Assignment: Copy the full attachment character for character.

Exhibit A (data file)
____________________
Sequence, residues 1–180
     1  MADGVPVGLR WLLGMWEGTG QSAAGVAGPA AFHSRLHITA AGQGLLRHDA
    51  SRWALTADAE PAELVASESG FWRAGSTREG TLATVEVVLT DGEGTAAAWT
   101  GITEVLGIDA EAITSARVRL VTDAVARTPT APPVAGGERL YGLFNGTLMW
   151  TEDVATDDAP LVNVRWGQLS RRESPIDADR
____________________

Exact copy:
Sequence, residues 1–180
     1  MADGVPVGLR WLLGMWEGTG QSAAGVAGPA AFHSRLHITA AGQGLLRHDA
    51  SRWALTADAE PAELVASESG FWRAGSTREG TLATVEVVLT DGEGTAAAWT
   101  GITEVLGIDA EAITSARVRL VTDAVARTPT APPVAGGERL YGLFNGTLMW
   151  TEDVATDDAP LVNVRWGQLS RRESPIDADR